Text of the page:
Saturday, 12 March 2022, 0643
The rain has been falling most of the night, and even though we are nearing mid-March, heavy snow will fall within the next few hours, bringing up to five inches in some areas north and west of Interstate 95.
This is our home, where variations of seasons blur the lines of winter, spring, summer, or fall. There are no absolutes; only winds that bring cold, driving rains into the heart of sun-filled days. Like all Marylanders who have chosen this to be their home, we have come to embrace it.
This, too, is the place where I call home, both within and among.
I am the weather of our region. The seasons within blur their own lines with no absolutes. The song of myself is a pastel blend of snow and sun, wind and rain, weaving and whirling a good long life of weathered experiences that bring me to today, where the rain has been falling most of the night, and snow is on its way.
Last night, I shared on social media that I had made the decision to change the entire focus of this space called The Baltimore Writer. Years ago, in 2019, I wrote this post intimating my hopes of doing just this, but I wasn’t ready yet. The idea was there, but not the full understanding of what I needed to do. And maybe more importantly, why. When I wrote that post, I was just months away from publishing Fossil Five, and I had great expectations for what it might become, and how far of a readership it might earn. I was trying to do too many things at one time: launch a writing career and be a more authentic artist and human. I got the order mixed up, though, and I put the platform before the person.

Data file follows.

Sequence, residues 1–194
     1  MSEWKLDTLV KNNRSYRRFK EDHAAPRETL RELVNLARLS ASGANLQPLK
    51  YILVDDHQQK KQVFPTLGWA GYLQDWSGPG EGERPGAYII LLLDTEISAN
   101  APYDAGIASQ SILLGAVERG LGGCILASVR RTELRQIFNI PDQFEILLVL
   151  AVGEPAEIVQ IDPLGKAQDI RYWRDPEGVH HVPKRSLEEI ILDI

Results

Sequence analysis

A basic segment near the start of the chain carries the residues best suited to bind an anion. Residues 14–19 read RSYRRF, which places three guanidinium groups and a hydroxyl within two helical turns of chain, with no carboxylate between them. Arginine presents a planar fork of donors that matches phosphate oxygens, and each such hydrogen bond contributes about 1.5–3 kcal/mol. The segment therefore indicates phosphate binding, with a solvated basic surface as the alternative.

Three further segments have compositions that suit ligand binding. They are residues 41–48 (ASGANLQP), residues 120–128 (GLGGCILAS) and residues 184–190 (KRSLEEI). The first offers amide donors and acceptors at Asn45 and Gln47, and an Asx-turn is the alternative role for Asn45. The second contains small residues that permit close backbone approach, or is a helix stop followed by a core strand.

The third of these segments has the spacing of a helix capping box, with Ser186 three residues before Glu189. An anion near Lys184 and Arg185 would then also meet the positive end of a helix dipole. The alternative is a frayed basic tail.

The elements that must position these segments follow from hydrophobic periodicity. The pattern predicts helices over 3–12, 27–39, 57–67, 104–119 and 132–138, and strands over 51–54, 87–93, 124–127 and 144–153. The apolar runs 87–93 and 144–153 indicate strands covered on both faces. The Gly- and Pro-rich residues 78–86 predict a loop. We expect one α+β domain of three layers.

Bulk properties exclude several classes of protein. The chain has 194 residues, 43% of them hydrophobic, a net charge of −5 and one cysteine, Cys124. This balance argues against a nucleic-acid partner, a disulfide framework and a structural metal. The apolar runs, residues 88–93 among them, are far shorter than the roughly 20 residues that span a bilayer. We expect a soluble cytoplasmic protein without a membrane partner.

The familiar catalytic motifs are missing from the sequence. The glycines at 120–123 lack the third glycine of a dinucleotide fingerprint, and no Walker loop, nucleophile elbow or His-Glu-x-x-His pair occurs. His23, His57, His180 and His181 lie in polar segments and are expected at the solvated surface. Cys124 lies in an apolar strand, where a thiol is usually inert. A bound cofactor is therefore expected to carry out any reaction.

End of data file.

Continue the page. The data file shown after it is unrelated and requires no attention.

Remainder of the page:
I remember talking to my brother Warren about such things when he was struggling between his art and what he wanted out of life. I told him long ago that I thought he should focus on his art, and let everything else take care of itself. It will follow.
I guess now I am listening to my own words, the song of myself is emerging more authentically, and I have found this space to be the place to call, humbly, my home. These are my “Leaves of Rus.”
The wind howls louder as the rain drives more urgently against my window, a repetitive tat-tat-tat that reminds me of the words I spoke to my brother so many years ago.
This is the song of myself.
I am home.
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